Continuing the series on triangle centers, let us consider ∆*ABC*, with circumcenter *O* and centroid *G*. Construct the line segment *OG*, and extend it out from *G* to the point *H* such that *GH*=2*OG*.

Next, construct the median from vertex *A* to the midpoint *M* of side *BC*. Then *G* lies on *AM*, with *AG*=2*GM*, as we showed here. Recalling that the circumcenter is the intersection of the perpendicular bisectors of the sides, we see that *OM*⊥*BC*.

Now, since *AG*=2*GM*, *GH*=2*OG*, and ∠*AGH*≅∠*MGO*, we see (by the SAS similarity condition) that ∆*AGH*~∆*MGO*. And since these triangles are similar, corresponding angles ∠*HAG* and ∠*OMG* are congruent. However, these are alternate interior angles for lines and cut by transversal , and therefore . And since *OM*⊥*BC*, we see , and is the triangle altitude from *A* to *BC*.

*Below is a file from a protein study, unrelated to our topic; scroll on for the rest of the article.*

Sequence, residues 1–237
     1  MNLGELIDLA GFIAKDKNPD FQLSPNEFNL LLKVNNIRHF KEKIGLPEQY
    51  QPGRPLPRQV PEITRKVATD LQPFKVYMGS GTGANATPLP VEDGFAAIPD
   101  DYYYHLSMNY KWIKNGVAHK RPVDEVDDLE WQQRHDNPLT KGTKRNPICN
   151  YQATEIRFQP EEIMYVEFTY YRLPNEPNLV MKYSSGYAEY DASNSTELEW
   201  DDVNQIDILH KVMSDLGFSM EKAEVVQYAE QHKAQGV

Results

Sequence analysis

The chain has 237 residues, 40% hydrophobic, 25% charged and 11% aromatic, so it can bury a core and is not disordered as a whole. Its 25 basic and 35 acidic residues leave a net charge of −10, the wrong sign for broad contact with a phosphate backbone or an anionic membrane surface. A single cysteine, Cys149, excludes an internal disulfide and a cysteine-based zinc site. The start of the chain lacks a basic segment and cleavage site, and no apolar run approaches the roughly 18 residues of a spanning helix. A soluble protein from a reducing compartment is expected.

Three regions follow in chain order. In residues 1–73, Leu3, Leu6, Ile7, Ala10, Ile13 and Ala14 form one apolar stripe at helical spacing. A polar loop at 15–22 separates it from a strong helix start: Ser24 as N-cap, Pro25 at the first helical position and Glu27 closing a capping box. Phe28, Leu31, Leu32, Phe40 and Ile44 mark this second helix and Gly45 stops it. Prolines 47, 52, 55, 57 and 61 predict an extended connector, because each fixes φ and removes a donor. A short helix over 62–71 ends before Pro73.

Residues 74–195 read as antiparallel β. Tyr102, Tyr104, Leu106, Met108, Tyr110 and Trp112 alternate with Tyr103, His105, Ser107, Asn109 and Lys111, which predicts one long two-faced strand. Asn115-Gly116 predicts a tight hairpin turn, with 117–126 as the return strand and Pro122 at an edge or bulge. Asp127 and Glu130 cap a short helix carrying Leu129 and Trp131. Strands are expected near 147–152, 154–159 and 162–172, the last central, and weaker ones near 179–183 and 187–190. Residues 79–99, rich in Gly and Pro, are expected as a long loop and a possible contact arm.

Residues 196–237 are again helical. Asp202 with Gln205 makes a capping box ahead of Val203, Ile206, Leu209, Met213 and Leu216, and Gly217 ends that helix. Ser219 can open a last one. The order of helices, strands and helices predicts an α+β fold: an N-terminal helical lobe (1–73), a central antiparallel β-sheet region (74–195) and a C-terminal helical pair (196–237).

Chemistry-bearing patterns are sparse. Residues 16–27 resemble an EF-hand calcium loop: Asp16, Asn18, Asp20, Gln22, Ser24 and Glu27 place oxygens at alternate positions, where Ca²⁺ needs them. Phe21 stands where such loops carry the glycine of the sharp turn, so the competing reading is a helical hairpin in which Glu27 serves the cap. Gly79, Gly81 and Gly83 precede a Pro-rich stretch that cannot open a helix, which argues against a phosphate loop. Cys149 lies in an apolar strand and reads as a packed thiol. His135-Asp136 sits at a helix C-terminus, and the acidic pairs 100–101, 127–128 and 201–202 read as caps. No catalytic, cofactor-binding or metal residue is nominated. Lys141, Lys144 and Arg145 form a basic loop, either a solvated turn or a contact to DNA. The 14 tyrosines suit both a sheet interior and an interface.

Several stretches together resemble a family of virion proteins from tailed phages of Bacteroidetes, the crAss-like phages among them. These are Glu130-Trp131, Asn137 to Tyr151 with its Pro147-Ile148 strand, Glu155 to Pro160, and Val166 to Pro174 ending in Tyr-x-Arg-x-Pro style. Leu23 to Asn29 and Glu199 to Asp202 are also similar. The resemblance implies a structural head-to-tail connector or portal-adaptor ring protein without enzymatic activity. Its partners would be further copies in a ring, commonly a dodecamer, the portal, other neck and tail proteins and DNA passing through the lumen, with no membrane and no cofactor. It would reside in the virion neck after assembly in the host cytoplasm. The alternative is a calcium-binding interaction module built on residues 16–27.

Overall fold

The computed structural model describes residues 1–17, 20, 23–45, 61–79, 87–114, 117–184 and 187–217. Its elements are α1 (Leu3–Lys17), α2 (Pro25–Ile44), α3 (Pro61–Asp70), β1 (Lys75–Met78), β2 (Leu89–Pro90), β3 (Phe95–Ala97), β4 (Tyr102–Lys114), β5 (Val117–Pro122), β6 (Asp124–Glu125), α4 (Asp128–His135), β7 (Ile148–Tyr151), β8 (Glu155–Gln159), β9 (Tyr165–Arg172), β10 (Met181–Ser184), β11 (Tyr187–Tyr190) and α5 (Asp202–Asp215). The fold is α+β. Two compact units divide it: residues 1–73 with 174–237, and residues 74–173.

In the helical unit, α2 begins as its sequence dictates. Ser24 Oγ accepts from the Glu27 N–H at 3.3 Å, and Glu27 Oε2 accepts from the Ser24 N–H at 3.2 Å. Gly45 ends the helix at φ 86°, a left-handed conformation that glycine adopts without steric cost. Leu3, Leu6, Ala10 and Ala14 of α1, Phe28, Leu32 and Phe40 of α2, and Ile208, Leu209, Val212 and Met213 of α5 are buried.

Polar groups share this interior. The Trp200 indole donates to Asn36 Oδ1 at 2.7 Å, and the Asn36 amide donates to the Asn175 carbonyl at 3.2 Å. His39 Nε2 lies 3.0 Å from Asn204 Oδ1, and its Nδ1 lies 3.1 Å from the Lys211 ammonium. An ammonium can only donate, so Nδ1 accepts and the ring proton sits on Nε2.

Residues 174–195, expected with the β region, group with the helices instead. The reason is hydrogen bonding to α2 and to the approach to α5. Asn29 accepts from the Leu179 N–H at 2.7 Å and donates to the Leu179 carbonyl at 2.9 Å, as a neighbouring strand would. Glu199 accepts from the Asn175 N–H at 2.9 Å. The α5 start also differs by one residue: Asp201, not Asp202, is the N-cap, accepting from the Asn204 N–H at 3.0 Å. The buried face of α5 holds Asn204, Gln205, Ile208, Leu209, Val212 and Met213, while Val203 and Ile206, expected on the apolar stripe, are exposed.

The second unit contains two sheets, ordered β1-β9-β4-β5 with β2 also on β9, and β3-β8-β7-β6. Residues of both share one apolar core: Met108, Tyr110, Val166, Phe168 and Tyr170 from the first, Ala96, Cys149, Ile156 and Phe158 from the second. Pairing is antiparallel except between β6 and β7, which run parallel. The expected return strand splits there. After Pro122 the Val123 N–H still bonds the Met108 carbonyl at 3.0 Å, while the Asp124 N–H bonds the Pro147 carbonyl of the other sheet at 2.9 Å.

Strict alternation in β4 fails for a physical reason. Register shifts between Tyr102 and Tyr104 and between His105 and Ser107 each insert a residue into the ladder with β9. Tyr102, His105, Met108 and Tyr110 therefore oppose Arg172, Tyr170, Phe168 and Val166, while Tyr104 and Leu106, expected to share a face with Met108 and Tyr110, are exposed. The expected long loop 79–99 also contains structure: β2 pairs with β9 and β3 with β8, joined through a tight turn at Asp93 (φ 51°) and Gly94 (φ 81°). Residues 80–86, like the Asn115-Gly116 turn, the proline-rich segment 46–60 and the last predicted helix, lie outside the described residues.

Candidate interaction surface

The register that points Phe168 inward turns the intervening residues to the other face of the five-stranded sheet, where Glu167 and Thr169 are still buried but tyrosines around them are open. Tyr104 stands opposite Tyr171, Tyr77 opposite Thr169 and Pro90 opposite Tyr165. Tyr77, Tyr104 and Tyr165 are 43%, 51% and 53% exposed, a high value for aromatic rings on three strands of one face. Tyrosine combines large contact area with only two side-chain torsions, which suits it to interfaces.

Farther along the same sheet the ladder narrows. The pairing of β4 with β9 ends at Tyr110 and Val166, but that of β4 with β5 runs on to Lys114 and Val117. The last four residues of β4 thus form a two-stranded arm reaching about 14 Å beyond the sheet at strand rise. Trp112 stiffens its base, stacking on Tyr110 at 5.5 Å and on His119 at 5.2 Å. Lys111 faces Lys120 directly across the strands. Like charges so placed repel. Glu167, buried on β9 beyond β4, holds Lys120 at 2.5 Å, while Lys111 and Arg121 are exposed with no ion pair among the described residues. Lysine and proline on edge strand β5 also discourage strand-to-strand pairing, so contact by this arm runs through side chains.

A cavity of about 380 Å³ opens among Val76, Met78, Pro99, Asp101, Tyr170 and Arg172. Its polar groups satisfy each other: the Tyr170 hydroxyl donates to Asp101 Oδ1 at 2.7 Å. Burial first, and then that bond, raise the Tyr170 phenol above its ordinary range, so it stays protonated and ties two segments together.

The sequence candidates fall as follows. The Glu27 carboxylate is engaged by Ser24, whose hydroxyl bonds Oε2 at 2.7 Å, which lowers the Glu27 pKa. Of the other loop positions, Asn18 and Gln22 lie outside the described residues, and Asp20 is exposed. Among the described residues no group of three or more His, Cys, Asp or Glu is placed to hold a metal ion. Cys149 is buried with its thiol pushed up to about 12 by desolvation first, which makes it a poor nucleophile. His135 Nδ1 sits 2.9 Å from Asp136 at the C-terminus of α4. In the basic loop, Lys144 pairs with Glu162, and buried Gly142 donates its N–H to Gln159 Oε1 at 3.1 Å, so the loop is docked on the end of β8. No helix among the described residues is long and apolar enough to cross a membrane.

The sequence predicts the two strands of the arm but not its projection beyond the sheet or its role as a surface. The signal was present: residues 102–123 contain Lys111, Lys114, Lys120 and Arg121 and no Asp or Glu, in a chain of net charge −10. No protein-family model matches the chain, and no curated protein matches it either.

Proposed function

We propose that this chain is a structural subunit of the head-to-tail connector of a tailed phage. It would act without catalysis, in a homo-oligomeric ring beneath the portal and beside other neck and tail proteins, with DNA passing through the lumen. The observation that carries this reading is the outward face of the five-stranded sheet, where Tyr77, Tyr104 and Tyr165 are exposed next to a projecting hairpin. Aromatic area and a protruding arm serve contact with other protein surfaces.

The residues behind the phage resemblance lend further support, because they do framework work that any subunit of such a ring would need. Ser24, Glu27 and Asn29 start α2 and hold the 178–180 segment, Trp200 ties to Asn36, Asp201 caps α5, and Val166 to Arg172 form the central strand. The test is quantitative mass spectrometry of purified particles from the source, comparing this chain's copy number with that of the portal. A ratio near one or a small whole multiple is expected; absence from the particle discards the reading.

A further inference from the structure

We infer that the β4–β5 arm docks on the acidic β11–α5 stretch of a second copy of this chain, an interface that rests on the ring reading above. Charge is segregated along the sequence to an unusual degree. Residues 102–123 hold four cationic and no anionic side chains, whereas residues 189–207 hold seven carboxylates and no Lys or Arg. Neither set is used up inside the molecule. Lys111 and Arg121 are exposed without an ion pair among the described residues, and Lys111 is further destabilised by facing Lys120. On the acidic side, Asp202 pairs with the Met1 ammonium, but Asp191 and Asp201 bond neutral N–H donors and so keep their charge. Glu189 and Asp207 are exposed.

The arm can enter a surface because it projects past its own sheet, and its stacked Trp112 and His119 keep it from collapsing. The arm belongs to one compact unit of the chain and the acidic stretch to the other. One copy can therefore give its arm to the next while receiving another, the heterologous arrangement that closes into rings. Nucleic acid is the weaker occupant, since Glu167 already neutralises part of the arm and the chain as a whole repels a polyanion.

Analogous constructions show that *H* must also be on the triangle altitudes from *B* and *C*:

Thus, we see that *H* is the orthocenter of ∆*ABC*. So, we see that for any non-equilateral triangle, the circumcenter *O*, centroid *G* and orthocenter *H* are collinear, with *GH*=2*OG*; the line through these triangle centers is known as the Euler line of the triangle. (For an equilateral triangle, *O*, *G* and *H* are all the same point.)